The approach Ferraris and Magnani described is that of a tighter integration between Planning and PLM. With Planning and Creativity more connected, all information and analysis coming from the market can be reported upstream to designers, buyers and product developers, who can benefit from these newfound insights about consumers in order to realize the best products from the earliest stages of development. Furla, explained Matteo Curci in his presentation, has undertaken a transformational journey with Aptos that has entailed Merchandise Planning and PLM in its first phases and is being extended to Assortment and Replenishment Planning. “Our approach is end to end, from design to store,” he noted. “Evolving our process and creating better synergies among them will support our business growth and continuous international expansion.”

#5. Change requires new skills, processes and technology. The “fil rouge” of all presentations was the need to manage change. Tonello from AW Lab explained that while the company’s vision is long term, its approach to change is incremental; AW Lab takes one step, tests it and moves to the next. Curci noted that Furla has set up a multidisciplinary change management team to deal with transformation, including people from IT and HR.

In his keynote speech, Aptos’ Andrea Basso noted, “Driven by disruptive technologies, process and product change is occurring much faster than before, and just like in nature, the ability to adapt will define winners.” According to Geoffrey Moore in his book “Organizing to Compete in an Age of Disruption,” as Basso further explained, the need is that of a business mentality oriented toward constant experimentation, where budgets and indicators related to innovation are clearly defined and measured. In terms of technology, “the future is in microservices platforms,” Basso noted. “These allow the most diverse processes to be added and activated, enabling any change to the business to happen fast.” Aptos’ Daniele Nizzero and Paolo Lovati described the steps Aptos has taken in that direction through the Aptos ONE platform and how Aptos’ customers are benefiting from that approach.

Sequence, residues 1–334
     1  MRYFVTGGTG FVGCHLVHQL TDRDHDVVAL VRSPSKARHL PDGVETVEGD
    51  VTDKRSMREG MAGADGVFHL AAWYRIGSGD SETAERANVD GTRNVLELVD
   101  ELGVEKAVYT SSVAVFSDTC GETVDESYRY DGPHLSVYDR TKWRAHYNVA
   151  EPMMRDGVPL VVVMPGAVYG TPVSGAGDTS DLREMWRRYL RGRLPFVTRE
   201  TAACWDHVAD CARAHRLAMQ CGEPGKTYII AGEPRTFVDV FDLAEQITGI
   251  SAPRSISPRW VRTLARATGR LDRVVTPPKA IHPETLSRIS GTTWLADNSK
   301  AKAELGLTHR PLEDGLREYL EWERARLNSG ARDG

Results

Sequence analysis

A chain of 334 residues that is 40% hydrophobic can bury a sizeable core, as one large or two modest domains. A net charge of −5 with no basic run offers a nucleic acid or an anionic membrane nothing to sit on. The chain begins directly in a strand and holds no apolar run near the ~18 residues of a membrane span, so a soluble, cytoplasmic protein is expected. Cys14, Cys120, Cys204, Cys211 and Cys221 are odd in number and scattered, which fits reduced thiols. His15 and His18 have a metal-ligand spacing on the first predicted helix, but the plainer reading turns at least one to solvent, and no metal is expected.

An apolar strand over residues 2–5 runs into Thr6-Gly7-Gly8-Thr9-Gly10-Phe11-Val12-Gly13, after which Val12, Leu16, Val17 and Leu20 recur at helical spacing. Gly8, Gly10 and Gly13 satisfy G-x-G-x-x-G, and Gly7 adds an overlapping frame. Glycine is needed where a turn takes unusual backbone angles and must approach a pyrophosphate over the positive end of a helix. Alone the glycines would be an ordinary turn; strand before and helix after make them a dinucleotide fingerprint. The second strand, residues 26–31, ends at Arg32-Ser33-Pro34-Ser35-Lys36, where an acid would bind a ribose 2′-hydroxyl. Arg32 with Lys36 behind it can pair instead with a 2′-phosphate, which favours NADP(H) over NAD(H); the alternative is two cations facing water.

A full day focused on how to create differentiated experiences concluded with an immersive experience for all our delegates: a tour of the fascinating Masi cellars followed by dinner at the Alighieri estates, where each course was complemented by the perfect wine pairing – a dip into the colors, tastes and perfumes of Valpolicella.

If you would like to share your thoughts on the major trends you heard about at Thinking Retail or schedule a time to discuss your company’s customer experience and merchandise management objectives, I encourage you to reach out to me on LinkedIn.